First James Bond film approved by Chinese censors. All other films in the series were available in China only as illegal bootlegs.
In one afternoon's shooting, three Aston Martin DBS cars valued at $300,000 each were destroyed for the car roll sequence.
The interiors of the Venetian sinking house were a rig built at the Paddock Tank at Pinewood Studios and it could be immersed in nineteen feet of water. It weighed 90 tons and used a mixture of hydraulics and electronics. A computer controlled the hydraulic valves as well as a third scale model of the building which was used for shooting exteriors. Water was pushed upwards by banks of compressors controlled by technicians. The set interior of the sinking house in Venice measured 45 ft by 40 ft and was 45 ft high.
Daniel Craig quit smoking and had Simon Waterson as a personal trainer to help get into shape for the role. He reportedly gained 20 pounds of muscle for the role.
The location used in the Bahamas as the Madagascar Construction site was an abandoned hotel site at Coral Harbour that was under construction 30 years ago. It was used to film hotel rooms for the 1965 James Bond movie "Thunderball" (1965) and it was also used for the 1977 Bond film "The Spy Who Loved Me" (1977) as a camera platform with models and workshops. It is now part of a military base.
The car barrel-roll stunt by the Aston Martin DBS broke the world record for the most barrel rolls assisted by a cannon. Originally, the racing specifications of the DBS meant that a standard ramp would not be sufficient to get the car to roll, so the special effects team were called in to install a air-powered cannon behind the drivers seat. This allowed the car to complete seven full rolls. The stunt was officially entered into the Guinness Book of World Records on 5th November 2006.
Solange's name is never mentioned in the film. The Bond girl character name of Solange in the film has previously appeared in two Ian Fleming stories. She was the name of the girl in the short story "007 In New York" and a girl named Solange was referenced in the short story, "From A View To A Kill". These stories are included in the "Octopussy" and "For Your Eyes Only" collections respectively. No character details were borrowed from Fleming.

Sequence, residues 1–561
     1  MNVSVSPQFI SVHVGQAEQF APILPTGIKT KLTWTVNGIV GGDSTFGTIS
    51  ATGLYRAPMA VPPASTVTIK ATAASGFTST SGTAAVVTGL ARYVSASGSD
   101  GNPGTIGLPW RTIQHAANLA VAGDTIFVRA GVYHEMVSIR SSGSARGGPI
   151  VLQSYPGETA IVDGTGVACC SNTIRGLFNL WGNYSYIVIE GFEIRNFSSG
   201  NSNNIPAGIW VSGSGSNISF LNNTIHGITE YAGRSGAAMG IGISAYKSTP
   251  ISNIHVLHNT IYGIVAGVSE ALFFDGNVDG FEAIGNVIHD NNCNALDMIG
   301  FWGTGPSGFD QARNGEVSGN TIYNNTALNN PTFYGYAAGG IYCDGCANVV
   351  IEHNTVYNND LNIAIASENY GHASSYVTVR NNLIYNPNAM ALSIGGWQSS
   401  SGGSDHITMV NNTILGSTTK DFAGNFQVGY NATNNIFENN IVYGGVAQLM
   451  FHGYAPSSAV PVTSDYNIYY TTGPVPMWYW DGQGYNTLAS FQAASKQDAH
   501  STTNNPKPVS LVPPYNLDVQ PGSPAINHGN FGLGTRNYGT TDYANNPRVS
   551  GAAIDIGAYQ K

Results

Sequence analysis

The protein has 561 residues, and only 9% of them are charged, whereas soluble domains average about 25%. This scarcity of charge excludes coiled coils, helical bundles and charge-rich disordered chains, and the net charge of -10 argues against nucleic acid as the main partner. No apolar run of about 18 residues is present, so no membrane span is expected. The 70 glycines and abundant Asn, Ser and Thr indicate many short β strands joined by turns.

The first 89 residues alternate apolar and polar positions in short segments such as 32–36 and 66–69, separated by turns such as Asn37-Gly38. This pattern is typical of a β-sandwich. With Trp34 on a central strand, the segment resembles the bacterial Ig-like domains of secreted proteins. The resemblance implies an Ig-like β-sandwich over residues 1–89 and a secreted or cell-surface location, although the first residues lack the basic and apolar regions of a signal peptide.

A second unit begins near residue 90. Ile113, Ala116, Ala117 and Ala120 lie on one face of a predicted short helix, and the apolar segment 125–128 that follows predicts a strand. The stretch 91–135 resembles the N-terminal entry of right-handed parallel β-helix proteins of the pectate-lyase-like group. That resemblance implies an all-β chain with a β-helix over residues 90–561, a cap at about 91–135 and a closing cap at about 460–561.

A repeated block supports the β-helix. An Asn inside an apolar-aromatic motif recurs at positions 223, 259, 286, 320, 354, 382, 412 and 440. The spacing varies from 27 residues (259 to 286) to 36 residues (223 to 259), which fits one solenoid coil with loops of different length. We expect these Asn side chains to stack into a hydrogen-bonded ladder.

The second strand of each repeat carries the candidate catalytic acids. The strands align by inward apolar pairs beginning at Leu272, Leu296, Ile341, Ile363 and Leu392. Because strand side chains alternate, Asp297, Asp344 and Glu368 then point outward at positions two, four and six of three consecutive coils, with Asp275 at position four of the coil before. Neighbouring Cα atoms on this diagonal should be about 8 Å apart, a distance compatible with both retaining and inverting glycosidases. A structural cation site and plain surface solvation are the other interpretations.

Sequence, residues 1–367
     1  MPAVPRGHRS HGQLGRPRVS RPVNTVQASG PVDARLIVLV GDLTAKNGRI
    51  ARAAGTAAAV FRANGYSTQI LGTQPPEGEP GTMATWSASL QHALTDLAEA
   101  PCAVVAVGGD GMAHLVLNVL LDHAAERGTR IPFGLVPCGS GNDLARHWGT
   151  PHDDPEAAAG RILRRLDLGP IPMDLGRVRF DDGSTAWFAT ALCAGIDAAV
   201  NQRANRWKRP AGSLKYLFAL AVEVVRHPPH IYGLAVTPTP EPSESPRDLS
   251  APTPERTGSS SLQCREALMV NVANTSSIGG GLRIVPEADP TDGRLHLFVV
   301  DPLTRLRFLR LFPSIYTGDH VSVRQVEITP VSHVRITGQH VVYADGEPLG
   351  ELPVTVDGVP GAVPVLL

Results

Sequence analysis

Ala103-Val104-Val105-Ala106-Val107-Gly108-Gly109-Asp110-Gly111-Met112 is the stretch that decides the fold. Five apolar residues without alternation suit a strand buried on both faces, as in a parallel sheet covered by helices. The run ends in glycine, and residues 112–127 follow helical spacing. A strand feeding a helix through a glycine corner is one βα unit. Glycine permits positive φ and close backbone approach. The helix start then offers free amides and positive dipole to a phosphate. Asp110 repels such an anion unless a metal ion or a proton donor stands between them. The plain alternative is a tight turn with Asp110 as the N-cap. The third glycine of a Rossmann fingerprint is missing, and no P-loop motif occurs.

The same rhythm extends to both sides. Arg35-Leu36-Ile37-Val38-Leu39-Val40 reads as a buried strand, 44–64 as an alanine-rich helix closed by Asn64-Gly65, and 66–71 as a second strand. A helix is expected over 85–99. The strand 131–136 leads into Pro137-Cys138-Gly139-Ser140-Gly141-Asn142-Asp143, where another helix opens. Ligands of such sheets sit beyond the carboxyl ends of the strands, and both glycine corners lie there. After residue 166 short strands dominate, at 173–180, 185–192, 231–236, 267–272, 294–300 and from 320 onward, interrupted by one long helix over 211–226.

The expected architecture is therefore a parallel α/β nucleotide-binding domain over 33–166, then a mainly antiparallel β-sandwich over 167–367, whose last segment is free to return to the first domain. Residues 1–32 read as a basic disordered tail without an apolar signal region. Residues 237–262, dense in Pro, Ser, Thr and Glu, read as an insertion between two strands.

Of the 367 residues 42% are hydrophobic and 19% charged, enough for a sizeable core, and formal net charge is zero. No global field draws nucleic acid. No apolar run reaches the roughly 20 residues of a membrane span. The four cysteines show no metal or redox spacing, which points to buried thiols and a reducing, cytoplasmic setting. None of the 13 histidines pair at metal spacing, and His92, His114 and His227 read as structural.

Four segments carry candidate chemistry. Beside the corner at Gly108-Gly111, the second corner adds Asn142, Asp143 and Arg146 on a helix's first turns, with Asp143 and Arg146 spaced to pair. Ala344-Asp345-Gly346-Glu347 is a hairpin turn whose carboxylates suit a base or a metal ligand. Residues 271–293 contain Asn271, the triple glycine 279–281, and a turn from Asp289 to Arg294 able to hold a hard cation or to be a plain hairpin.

First James Bond film since "The Living Daylights" (1987) not to be novelised into a book. The original Ian Fleming novel went into reprint as a tie-in for the release of the movie instead.
Authorities in Venice granted producers permission to sail James Bond's yacht, called Spirit 54, along the Grand Canal between the Accademia and Rialto bridges. No-one can remember exactly the last time a pleasure yacht sailed in the Grand Canal, but it's believed to have been several centuries ago.
The Casino Estoril of Lisbon, Portugal was the inspiration for the casino gambling scene and title for the Ian Fleming novel of "Casino Royale". This was a location where German agents would frequent during World War II. On his visit, Fleming banco-ed three times and lost three times.
The 2007 Ford Mondeo sport model used in the beginning of the film is a special, one-off hand-built prototype vehicle, constructed by hand at Ford of Europe's Design Studio in Cologne, Germany, in January, 2006.
Poker playing was a common pastime amongst cast and crew on the set, even after production had wrapped. "Casino Royale" was the first Bond film to depict poker.